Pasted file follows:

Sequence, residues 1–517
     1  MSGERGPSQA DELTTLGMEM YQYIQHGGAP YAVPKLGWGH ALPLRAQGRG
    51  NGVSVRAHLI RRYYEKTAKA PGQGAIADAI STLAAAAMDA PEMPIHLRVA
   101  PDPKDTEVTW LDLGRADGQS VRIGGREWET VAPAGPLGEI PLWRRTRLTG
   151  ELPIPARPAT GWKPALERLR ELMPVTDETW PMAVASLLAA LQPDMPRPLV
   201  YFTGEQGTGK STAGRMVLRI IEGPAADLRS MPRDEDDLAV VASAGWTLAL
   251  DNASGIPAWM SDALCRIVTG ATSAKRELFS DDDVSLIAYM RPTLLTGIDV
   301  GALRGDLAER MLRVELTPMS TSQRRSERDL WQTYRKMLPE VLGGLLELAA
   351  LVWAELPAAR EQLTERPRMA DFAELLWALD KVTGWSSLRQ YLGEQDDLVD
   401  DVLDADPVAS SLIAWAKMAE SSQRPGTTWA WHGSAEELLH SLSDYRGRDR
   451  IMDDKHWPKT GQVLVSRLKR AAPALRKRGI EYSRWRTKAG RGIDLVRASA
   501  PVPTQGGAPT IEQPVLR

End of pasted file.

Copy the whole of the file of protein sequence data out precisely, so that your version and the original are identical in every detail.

Sequence, residues 1–517
     1  MSGERGPSQA DELTTLGMEM YQYIQHGGAP YAVPKLGWGH ALPLRAQGRG
    51  NGVSVRAHLI RRYYEKTAKA PGQGAIADAI STLAAAAMDA PEMPIHLRVA
   101  PDPKDTEVTW LDLGRADGQS VRIGGREWET VAPAGPLGEI PLWRRTRLTG
   151  ELPIPARPAT GWKPALERLR ELMPVTDETW PMAVASLLAA LQPDMPRPLV
   201  YFTGEQGTGK STAGRMVLRI IEGPAADLRS MPRDEDDLAV VASAGWTLAL
   251  DNASGIPAWM SDALCRIVTG ATSAKRELFS DDDVSLIAYM RPTLLTGIDV
   301  GALRGDLAER MLRVELTPMS TSQRRSERDL WQTYRKMLPE VLGGLLELAA
   351  LVWAELPAAR EQLTERPRMA DFAELLWALD KVTGWSSLRQ YLGEQDDLVD
   401  DVLDADPVAS SLIAWAKMAE SSQRPGTTWA WHGSAEELLH SLSDYRGRDR
   451  IMDDKHWPKT GQVLVSRLKR AAPALRKRGI EYSRWRTKAG RGIDLVRASA
   501  PVPTQGGAPT IEQPVLR